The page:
Ukraine's outgoing defence minister has said the country is anticipating a new Russian offensive later this month.
At a news conference, Oleksiy Reznikov said not all Western weaponry will have arrived by then, but Ukraine had enough reserves to hold off Russian forces.
President Volodymyr Zelensky said troops were fighting fiercely in Bakhmut, Vuhledar and Lyman.
Mr Reznikov's comments came hours before it was announced that he was to be replaced as defence minister.
Military intelligence chief Kyrylo Budanov will take his place, according to a Ukrainian politician from Mr Zelensky's party.
The shake-up comes amid a series of corruption scandals that has plagued the defence ministry.
Mr Reznikov has denied media reports that some defence officials are suspected of embezzling public funds for the procurement of food for the army.
Ukrainian lawmaker David Arakhamia announced the reshuffle on Sunday, saying that "war dictates personnel policies". Mr Reznikov, a familiar face in Ukraine's efforts to secure Western weapons, will now become minister for strategic industries.
President Zelensky has already fired a number of senior officials as part of a broad anti-corruption drive across his government.
At an earlier news conference, Mr Reznikov said Russia did not have all of its resources ready to launch an offensive, but may do so anyway as a symbolic gesture, given the one-year anniversary of Moscow's full-scale invasion on 24 February.
He said Russia was expected to prioritise taking the whole of the eastern Donbas as well as launching offensives in the south of Ukraine.
Mr Reznikov made similar comments to French TV earlier this month.
The defence minister also confirmed that troops would start training on German-made Leopard tanks from Monday.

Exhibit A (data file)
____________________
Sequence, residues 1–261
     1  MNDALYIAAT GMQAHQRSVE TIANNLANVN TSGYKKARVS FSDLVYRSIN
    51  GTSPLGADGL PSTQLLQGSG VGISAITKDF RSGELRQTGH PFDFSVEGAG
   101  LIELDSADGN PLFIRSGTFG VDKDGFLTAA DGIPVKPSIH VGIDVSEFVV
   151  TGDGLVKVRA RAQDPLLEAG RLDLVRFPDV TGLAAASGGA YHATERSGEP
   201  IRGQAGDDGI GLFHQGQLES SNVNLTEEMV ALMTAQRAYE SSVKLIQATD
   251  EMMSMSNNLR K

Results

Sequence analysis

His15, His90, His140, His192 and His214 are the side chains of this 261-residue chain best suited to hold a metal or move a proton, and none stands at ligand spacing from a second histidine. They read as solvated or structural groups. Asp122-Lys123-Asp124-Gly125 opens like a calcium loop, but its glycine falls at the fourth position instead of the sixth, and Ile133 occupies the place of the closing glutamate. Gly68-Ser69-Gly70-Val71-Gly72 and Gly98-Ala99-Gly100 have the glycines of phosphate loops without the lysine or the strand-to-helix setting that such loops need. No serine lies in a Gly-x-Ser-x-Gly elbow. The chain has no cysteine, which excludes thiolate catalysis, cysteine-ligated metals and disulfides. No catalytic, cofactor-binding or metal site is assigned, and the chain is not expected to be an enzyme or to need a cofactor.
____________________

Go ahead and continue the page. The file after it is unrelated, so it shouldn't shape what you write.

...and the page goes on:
Mr Reznikov said Ukraine had secured new long-range missiles with a range of 90-mile (150km), but they will not be used against Russian territory - only against Russian units in occupied areas of Ukraine.
"I am sure that we will win this war," said Mr Reznikov, but he added that without the delivery of Western fighter jets, "it will cost us more lives".
Despite the flow of Western weapons to Ukraine, Russia has made gains around the Bakhmut area in recent days, as Russia's army throws more and more soldiers into combat.
Russia's paramilitary mercenary group Wagner have led much of the fighting in the area.
Its head, Yevgeny Prigozhin, said there are fierce battles for every street in some areas of the city, and Ukraine's armed forces were "fighting to the last".
Russian forces have been attempting to seize control of Bakhmut for months - making it the longest battle since Russia invaded Ukraine almost a year ago.
Taking the area is important to Russia as part of its aim to control the whole of the Donbas region.
It would also signify a turnaround in Russia's fortunes after it lost ground in Ukraine during recent months.
Speaking during his nightly address, President Zelensky said: "Things are very difficult in Donetsk region - fierce battles." But, he added, "we have no alternative to defending ourselves and winning".
The UK's Ministry of Defence said Ukrainian forces in Bakhmut are getting increasingly isolated as the Russians continue to make small advances in its attempt to encircle the town.
It added that the two main roads into Bakhmut were likely being threatened by direct fire.
In other developments: